DOVER, Del. (AP) — A federal judge on Friday agreed to narrow his order that required scores of people involved in a corporate bankruptcy to disclose under oath whether they had talked to reporters for the Bloomberg news service who were covering the case.
Following a hearing on Bloomberg's challenge to the order, U.S. Bankruptcy Judge Christopher Sontchi agreed that the order involving the leaking of nonpublic information in mining company Molycorp Inc.'s Chapter 11 case was overly broad.
Bloomberg, supported by The Associated Press, the Reporters Committee for Freedom of the Press and other media organizations, had challenged the order as a threat to the First Amendment protections of journalists and their sources.
Sontchi issued the order last week at the request of attorneys in the case after Bloomberg published articles related to confidential mediation and the bidding process for Molycorp's assets.
The order required 123 individuals to disclose any conversations with Bloomberg reporters about Molycorp within the past 60 days, and to disclose whether they knew the source of the leaks.
"If sources are afraid that nonpublic confidential communications may be required to be disclosed and cause them to be punished, that's a significant chilling effect on the ability of reporters to report the news," Bloomberg attorney Thomas Hentoff told the judge.
Sontchi said he was firmly convinced that he has both the authority and the responsibility to ensure the integrity of the bankruptcy process, including enforcing the confidentiality of both the mediation and sale process.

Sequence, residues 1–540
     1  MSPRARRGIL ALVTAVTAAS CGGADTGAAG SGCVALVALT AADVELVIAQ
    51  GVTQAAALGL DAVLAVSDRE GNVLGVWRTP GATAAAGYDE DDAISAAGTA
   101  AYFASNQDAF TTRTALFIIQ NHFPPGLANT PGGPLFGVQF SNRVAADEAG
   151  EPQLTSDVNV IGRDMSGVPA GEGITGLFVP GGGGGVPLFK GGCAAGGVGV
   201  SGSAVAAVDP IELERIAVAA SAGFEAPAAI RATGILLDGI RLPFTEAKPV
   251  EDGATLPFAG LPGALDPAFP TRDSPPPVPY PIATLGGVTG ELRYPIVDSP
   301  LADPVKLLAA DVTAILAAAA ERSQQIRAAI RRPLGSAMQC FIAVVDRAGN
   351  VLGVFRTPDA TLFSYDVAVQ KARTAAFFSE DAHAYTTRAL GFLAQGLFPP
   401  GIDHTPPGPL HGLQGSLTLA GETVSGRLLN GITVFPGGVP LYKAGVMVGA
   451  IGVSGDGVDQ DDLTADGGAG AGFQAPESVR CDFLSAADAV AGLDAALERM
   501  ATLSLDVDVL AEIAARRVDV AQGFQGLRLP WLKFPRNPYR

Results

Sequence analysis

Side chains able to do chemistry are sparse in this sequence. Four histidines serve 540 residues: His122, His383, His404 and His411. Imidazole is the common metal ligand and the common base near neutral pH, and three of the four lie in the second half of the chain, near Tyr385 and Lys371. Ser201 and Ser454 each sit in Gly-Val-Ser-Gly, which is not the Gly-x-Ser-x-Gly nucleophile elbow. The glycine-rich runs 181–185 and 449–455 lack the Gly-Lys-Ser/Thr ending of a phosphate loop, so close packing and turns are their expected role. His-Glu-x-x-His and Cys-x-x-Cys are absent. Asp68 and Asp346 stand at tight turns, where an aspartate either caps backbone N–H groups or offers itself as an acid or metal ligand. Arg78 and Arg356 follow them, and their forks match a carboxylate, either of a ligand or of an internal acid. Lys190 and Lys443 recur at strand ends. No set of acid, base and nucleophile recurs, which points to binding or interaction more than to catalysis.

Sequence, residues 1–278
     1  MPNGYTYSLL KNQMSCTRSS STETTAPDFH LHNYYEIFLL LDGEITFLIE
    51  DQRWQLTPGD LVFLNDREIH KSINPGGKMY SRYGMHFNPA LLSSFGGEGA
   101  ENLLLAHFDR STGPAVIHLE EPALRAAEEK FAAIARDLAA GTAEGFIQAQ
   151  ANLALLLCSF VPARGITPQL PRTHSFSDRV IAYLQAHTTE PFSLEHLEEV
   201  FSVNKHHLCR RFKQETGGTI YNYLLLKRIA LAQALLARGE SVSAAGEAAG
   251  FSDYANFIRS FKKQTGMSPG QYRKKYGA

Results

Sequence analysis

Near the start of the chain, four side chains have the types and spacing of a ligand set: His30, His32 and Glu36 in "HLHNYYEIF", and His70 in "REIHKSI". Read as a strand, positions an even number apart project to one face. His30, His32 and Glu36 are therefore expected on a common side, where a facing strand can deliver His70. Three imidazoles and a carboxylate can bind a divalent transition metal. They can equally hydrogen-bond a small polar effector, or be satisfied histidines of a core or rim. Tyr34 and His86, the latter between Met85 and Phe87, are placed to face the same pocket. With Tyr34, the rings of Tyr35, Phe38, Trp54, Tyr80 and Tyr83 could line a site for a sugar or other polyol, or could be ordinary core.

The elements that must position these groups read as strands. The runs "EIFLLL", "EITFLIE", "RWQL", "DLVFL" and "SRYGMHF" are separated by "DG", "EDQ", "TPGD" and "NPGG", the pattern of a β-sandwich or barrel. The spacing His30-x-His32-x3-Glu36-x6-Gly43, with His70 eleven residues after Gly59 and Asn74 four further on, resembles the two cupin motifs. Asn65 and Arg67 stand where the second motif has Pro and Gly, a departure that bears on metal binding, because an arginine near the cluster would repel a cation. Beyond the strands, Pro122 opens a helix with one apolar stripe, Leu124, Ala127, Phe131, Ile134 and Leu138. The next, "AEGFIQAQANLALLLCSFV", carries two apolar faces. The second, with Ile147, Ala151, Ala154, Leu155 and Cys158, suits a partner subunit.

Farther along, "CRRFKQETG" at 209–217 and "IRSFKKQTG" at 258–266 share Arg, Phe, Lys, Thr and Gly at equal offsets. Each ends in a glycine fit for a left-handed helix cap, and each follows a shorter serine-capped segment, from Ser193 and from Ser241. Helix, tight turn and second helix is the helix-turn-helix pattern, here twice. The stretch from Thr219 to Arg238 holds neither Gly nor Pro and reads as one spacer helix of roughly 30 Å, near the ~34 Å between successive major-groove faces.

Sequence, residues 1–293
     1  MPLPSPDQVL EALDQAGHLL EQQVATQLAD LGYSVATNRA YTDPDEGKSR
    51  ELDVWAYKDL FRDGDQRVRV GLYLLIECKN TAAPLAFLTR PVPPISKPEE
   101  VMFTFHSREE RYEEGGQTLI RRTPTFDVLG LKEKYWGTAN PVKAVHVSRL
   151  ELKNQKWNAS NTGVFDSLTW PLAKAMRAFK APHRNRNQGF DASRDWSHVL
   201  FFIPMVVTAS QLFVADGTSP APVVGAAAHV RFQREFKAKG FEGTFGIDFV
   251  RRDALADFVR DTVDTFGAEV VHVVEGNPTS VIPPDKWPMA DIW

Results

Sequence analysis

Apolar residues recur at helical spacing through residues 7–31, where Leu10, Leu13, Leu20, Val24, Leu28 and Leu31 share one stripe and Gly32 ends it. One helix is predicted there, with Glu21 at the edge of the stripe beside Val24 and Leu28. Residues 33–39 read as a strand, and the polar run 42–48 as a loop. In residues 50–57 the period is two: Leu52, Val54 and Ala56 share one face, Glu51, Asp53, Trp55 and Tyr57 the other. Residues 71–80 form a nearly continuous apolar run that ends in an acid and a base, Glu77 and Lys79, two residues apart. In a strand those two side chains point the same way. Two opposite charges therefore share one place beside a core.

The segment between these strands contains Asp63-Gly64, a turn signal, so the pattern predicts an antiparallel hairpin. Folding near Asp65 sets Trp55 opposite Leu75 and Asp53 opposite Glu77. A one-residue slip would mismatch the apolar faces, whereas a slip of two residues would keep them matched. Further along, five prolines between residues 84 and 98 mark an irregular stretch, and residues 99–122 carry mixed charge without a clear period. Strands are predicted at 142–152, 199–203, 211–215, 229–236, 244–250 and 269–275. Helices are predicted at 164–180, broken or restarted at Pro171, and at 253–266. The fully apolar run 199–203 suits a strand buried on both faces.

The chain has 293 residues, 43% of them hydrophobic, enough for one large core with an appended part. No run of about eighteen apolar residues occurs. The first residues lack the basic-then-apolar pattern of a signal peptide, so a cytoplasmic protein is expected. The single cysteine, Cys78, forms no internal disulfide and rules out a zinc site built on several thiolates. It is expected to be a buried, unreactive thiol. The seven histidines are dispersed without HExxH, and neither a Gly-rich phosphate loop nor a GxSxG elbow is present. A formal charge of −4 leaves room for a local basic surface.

"At the same time, I acknowledge and agree that there is a countervailing interest that must be considered. ... This court must balance the interests of the press and the protections of individuals under the First Amendment to speak on an anonymous basis with the interest I have in protecting the mediation and the bankruptcy process in general," he said.
Sontchi concluded that the order should be more narrowly tailored to focus on specific confidentiality breaches and three specific Bloomberg articles about mediation and bidding in the Molycorp case.
The judge also noted that not every one of the 123 individuals who were ordered to submit disclosure declarations were personally involved in the bankruptcy negotiations or had consented to confidentiality and nondisclosure provisions.
"That's a distinction that I think is important in the context of the "coerced speech" as described by Bloomberg," said Sontchi, who ordered that the disclosures already submitted to the court under seal be destroyed.
The judge scheduled a status conference for next week, directing attorneys for Bloomberg and the bankruptcy parties to try to agree on a revised order for him to sign, or to submit competing orders if they cannot reach a consensual resolution.
"We are encouraged by today's ruling — it goes a long way in allowing the press to do its job," Bloomberg editor-in-chief John Micklethwait said in a prepared statement.
A spokeswoman for the Reporters Committee for Freedom of the Press also issued a statement saying the group was pleased with Sontchi's ruling.
"The Reporters Committee opposes any attempt to seek a reporter's sources, particularly when covering matters of significant public interest like the bankruptcy and asset sale of a rare earth mining company that some believe has national security implications," the statement said.